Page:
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Dec. 13, 2000

John Bluck

NASA Ames Research Center, Moffett Field, CA

(Phone: 650/604-5026 or 604-9000)


AGU Moscone Center press room, San Francisco, CA

(Phone: 415/905-1007, general AGU information during meetings)



Three to five times higher carbon emissions from annual burning in the Amazon went into the air in the early 1990s than was reported by similar, recent studies, according to a new NASA report slated for presentation Dec.16, at the American Geophysical Union (AGU) meeting at the Moscone Convention Center in San Francisco.

The scientific journal "Atmospheric Environment" will also print full results of the new NASA Amazon research. Principal author Christopher Potter of NASA Ames Research Center, Moffett Field, CA, will present the data at the AGU meeting at 9:30 a.m. PST, Saturday, Dec. 16, in room 122 Moscone Center. Almost 30 NASA Ames scientists will participate in a wide range of Earth science presentations, ranging from ozone depletion to the effects of dust in the atmosphere. A web page summarizes their reports at:

"Our study's results indicate carbon emission estimates from annual burning in the eight states of the Brazilian Legal Amazon in the early 1990s are three to five times higher than reported in similar, recent studies that implied the region tends towards a net-zero annual source of emissions from terrestrial carbon," Potter said. His study is part of the NASA-supported "Large Scale Biosphere-Atmosphere Experiment in Amazonia," an international research project led by Brazil. Co-authors are Vanessa Brooks Genovese and Matthew Bobo of NASA Ames, as well as Steven Klooster and Alicia Torregrosa, both of California State University Monterey Bay, Seaside, CA. The co-authors’ web pages contain more information at:

The AGU meeting will take place from Dec.15 - Dec.19, and several hundred scientists from government, universities and private industry plan to attend.

Later, Potter will talk about simulations of selected sites in Alaska's Denali National Park, which suggest that the past 50-year climate trends of warming temperatures may shift the local ecosystem from dominance by coniferous evergreen trees to a mixture of evergreens and deciduous, broad-leafed trees. He will make this presentation at 11:30 a.m., Dec. 16 in Moscone Center room 124.

Ames resident scientist John Livingston, a contractor with SRI International, Menlo Park, CA, will co-chair a "poster session" Dec.16, at 8:30 a.m. in Moscone's Hall D about a summer 2000 study of Saharan dust carried by winds to the Caribbean region. Researchers who studied Saharan airborne dust used a sunphotometer during 21 science airplane flights to measure how much sunlight penetrates smoke and other aerosols. In the dust study, as in other Earth science studies, once satellite data are calibrated with ground (or "ground truth") and airborne observations, scientists can use the satellite data to develop useful regional and global computer pictures of atmospheric or ground conditions.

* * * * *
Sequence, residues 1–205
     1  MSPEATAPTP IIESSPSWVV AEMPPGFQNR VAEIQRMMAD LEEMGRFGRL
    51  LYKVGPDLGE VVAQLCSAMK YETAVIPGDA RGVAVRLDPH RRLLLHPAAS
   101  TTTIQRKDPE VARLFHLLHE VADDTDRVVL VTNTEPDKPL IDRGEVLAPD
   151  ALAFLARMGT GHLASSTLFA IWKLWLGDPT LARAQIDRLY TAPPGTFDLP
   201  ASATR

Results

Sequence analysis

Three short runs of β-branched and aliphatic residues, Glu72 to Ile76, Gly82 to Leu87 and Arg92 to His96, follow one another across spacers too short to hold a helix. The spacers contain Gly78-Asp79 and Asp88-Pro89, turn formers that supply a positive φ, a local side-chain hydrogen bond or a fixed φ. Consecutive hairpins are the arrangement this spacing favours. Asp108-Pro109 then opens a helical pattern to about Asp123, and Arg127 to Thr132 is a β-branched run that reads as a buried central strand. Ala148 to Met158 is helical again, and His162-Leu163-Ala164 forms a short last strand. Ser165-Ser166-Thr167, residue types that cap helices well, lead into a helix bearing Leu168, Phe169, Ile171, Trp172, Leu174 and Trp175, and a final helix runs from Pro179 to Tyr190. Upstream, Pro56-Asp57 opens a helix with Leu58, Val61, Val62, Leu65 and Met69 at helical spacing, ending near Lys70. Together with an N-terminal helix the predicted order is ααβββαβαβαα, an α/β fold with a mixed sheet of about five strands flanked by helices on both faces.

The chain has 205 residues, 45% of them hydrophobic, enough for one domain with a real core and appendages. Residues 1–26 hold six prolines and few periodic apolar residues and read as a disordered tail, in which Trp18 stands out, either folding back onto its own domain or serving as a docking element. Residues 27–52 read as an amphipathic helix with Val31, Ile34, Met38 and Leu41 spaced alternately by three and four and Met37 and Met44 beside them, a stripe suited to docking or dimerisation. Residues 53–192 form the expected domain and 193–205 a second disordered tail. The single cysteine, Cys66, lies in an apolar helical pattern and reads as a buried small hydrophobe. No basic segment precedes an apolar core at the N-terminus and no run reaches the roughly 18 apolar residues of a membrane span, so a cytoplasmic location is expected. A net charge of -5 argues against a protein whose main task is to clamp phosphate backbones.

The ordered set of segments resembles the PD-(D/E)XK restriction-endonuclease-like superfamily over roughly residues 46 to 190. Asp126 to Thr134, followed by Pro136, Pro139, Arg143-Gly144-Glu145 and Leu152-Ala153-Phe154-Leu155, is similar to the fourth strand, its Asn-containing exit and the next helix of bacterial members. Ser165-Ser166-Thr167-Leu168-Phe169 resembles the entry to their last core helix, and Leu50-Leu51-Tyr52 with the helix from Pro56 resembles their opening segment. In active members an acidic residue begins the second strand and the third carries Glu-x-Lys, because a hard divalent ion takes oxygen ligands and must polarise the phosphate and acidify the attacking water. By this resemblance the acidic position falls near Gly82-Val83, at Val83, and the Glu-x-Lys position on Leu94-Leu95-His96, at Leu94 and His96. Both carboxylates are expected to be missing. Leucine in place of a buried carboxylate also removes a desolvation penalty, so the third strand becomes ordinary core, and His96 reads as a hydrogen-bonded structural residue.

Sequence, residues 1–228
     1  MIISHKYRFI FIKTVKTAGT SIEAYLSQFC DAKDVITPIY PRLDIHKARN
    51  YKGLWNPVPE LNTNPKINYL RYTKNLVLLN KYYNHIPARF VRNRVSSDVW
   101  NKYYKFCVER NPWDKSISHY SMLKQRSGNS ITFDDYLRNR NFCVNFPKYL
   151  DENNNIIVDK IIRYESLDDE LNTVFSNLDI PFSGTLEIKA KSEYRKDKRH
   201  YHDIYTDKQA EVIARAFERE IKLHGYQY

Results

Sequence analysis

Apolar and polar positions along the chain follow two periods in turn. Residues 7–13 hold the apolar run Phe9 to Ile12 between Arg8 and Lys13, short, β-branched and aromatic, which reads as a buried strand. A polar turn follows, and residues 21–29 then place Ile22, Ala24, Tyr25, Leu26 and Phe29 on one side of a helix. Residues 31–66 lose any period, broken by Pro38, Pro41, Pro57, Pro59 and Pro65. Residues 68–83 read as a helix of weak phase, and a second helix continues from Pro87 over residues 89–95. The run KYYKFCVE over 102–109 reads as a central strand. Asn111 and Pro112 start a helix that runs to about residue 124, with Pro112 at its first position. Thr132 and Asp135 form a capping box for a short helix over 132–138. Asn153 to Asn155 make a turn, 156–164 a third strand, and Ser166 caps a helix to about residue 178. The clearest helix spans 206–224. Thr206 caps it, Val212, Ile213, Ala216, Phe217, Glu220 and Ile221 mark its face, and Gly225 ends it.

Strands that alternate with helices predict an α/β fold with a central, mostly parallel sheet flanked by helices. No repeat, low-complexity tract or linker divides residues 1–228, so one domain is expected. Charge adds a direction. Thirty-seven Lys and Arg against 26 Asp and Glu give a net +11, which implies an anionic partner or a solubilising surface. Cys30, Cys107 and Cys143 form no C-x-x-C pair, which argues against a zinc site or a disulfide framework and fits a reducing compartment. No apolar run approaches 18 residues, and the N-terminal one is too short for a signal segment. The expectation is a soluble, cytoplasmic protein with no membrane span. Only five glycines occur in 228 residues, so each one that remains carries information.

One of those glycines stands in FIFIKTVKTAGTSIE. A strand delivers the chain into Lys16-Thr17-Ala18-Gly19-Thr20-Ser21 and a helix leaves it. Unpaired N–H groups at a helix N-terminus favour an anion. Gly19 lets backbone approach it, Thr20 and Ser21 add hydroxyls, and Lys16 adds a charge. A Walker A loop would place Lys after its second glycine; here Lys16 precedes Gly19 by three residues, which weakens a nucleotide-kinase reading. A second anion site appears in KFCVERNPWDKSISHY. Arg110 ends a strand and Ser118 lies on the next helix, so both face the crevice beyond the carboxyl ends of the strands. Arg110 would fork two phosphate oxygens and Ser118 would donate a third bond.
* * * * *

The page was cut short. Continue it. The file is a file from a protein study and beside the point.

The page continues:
Many NASA Ames scientists also contributed to more than 10 AGU presentations dealing with various aspects of ozone loss over the Arctic and Antarctic. The Earth's ozone layer protects life below from harmful ultraviolet radiation coming from the Sun that can lead to the formation of skin cancers. Scientists have observed unusually low levels of ozone over the Arctic during recent winters.

Ames scientist Hansjurg Jost is scheduled to make a presentation concerning the mixing of atmospheric gases related to ozone depletion. The talk will be Dec.16 at 9:40 a.m. in Moscone room 131. Jost will discuss results from data gathered by the NASA ER-2 high altitude aircraft that carried instruments which measured nitrous oxide, carbon dioxide, ozone and temperatures in regions of the Arctic stratosphere during the winter of 1999 -2000 to determine how these gases mix. The Arctic stratosphere is located from about 6 miles to 30 miles above Earth. Researchers found that various air masses have different gas mixes from their surroundings.

The exact makeup and temperature of air masses may be a factor in ozone destruction. Ozone-destroying clouds, or polar stratospheric clouds, are composed of water and nitric acid. Colder temperatures for a longer period of time cause "denitrification." This occurs when Arctic polar stratospheric clouds precipitate, removing nitrogen from the upper atmosphere. Denitrification increases the opportunity for chlorine compounds to destroy ozone more efficiently.

Cooling of the stratosphere will likely increase ozone loss during Arctic winters in coming decades, even as chlorine and bromine levels decrease as a result of the Montreal Protocol, according to scientists. The buildup of greenhouse gases, such as carbon dioxide, tends to trap more heat near Earth's surface, while at the same time colder than normal temperatures are experienced above, in the stratosphere, where ozone breakdown occurs, researchers said.

The ER-2 science flights took place as part of two international field experiments: NASA's SAGE III Ozone Loss and Validation Experiment (SOLVE) and the European Commission-sponsored Third European Stratospheric Experiment on Ozone (THESEO). More information about the AGU fall meeting is on the Internet at



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